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> Influence of Jonson
The classical lyric
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The Cambridge History of English and American Literature in 18 Volumes
Volume VII. Cavalier and Puritan.
§ 4. Influence of Jonson.
Jonsons attitude towards the classical lyric differed widely from that of his predecessors. Caring nothing at all for quantitative measures, he was conscious, in spite of his
Fit of Rhyme against Rhyme,
of the value of rime in English lyric verse; what he admired most of all in the lyric of Rome or Greece was its sense of proportion and structural beauty, its restraint, lucidity and concision of style and its freedom from extravagance and mannerism. It is well known that several of his most famous songs are faithful transcripts of classical models; elsewhereas, for instance, in the songs from
The Masque of Augures
he reproduces much of the atmosphere of the ancient world. And, even where there is neither direct imitation nor the reproduction of a classic atmosphere, his lyrics, in virtue of their style, show a certain classic feeling, which was immediately recognised by his contemporaries and successors, one of whom, contributing his meed of praise to the dead laureate in
speaks of his lyrics as
Tuned to the highest key of ancient Rome,
Returning all her music with his own.
Jonson was the first, and, in some ways, the greatest of English literary dictators, and his influence, during the declining years of his life, upon the circle of poets, dramatists and others who gathered about him in the Apollo chamber of the Devil tavern, at Temple Bar, was of the strongest. It is apparent in the lyrics of the dramas and masques of the Jacobean age. In Elizabethan days, the dramatic lyric, thanks to the wood-notes wild of Shakespearean song, had, in the main, resisted the influence of the Italian art lyric and remained true to the principles of the old folk-song. But, after the withdrawal of Shakespeare from the stage, the classical lyric, as attuned by Ben Jonson, becomes supreme in drama. The later dramatic songs of Heywood and Fletcher, and those of Ford and Shirley, almost without exception, have a classical ring in them, which brings them very near to the manner of Jonson, and removes them far away from the lyrics of Amiens, Feste, or Ariel. And, when we turn from the lyrics in the dramas to those which were sung in the banqueting chamber at Whitehall, the influence of Jonson is again felt. As we shall see presently, it is everywhere apparent in the lyrics of Herrick and Carew, and its presence is likewise felt in those of Cartwright, Randolph and Waller. We recognise it in the orderly structure and finished grace of their lyrics, and in the substitution of the language of courtly gallantry, which Jonson had caught from the masters of Roman lyric, for the language of prostrate adoration, which dominates the Petrarchian school of poetry.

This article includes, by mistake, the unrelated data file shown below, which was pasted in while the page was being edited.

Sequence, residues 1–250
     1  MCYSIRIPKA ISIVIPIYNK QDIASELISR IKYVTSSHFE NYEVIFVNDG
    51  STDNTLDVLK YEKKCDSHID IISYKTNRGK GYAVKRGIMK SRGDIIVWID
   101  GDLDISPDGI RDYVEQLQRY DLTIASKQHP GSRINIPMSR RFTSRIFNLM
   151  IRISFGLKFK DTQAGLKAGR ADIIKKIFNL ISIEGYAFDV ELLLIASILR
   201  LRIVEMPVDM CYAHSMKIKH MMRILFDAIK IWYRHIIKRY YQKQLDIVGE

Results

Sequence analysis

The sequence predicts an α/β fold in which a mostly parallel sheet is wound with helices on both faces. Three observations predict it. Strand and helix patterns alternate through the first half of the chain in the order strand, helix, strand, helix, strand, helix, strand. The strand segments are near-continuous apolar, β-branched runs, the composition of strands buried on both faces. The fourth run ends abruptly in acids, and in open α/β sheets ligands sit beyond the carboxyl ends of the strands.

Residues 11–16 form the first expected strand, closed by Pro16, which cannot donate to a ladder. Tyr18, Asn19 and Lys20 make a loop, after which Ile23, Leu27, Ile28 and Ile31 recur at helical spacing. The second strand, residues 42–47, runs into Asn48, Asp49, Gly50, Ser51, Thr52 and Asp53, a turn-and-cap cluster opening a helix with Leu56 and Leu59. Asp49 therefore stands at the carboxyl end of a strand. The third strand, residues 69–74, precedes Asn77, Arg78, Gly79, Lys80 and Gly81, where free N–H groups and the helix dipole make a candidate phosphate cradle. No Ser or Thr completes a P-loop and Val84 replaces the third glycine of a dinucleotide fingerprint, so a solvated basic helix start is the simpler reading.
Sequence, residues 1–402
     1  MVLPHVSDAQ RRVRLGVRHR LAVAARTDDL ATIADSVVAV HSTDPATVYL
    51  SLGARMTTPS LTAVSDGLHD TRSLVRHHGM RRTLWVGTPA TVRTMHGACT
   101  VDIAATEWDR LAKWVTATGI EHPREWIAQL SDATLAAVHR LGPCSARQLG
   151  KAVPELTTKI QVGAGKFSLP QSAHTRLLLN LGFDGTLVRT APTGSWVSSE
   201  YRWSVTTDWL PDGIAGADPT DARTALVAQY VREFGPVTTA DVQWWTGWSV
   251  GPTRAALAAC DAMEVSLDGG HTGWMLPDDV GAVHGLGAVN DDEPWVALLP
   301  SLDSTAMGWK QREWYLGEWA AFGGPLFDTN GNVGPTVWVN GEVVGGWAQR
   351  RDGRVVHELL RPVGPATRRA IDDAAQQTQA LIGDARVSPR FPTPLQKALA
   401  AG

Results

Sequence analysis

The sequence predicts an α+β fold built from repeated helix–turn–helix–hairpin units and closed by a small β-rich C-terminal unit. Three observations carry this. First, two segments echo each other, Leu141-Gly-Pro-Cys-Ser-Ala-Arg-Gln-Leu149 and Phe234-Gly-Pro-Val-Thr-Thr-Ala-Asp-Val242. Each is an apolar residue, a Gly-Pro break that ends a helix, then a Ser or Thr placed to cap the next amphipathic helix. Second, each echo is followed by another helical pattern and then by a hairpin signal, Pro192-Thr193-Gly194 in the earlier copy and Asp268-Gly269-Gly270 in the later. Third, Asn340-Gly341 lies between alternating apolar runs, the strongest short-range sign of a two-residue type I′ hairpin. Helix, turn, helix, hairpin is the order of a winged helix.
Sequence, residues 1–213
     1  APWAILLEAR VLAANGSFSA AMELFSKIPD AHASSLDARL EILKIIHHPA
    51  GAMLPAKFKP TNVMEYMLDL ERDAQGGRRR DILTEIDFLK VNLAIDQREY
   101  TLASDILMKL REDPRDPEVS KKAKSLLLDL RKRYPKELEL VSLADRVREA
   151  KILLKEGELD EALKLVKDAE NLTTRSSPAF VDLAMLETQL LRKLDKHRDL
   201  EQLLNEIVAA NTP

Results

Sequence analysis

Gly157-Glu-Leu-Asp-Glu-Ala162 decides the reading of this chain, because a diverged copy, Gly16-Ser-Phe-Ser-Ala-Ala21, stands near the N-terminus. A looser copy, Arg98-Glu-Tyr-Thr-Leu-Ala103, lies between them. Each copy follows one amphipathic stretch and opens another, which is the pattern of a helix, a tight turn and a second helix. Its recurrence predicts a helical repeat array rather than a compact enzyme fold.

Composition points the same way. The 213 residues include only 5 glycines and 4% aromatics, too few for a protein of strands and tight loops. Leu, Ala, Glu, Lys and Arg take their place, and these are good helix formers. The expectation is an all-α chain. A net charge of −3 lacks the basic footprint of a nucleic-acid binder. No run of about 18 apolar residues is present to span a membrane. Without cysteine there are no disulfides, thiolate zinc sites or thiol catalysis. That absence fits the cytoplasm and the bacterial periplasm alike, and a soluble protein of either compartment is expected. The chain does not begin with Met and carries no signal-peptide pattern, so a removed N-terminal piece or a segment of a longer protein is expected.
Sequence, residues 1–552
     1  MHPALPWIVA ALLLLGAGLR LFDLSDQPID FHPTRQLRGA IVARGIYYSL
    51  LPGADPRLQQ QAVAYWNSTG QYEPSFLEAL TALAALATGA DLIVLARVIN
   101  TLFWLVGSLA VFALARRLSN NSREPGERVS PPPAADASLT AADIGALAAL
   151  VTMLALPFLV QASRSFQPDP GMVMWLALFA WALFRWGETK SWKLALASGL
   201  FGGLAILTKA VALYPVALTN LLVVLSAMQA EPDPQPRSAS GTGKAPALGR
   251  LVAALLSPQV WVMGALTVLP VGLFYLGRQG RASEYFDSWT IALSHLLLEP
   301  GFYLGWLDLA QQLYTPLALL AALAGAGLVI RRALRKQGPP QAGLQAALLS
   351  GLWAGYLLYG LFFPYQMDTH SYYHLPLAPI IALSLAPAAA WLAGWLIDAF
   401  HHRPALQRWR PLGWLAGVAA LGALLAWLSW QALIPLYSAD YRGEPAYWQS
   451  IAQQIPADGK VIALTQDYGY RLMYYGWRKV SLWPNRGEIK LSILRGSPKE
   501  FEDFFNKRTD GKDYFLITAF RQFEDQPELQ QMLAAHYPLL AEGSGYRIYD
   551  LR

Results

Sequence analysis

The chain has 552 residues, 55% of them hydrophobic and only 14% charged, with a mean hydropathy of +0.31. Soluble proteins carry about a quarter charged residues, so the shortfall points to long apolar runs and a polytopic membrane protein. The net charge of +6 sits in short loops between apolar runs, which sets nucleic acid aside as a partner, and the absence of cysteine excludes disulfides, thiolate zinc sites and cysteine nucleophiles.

Yet the Petrarchian influence died hard in England. Habington still clung to the old ideals, and, in many of his lyrics to Castara, we hear the accents of the sonneteers. So, too, in the main, did Thomas Stanley, who, in spite of the fact that he was a good classical scholar, and translated some of Anacreons odes into English verse, shows, in his best work, more of the spirit of medieval chivalry than of Augustan Rome. And the same may be said, again, of Richard Love-lace: in virtue of his associations, he belongs to the school of cavalier lyrists, whose foremost representatives are Carew and Suckling; but his songs to Lucasta owe little or nothing to Jonson or the lyrists of antiquity. His affected conceits and his sins against what is now held to be good taste are, perhaps, those of his own age; but the chivalrous temper of his songs, and the worship which he pays to her whose beauty enthralls him, are very like what we meet with in Petrarch and in the renascence sonneteers who followed Petrarchs example.
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The classical lyric
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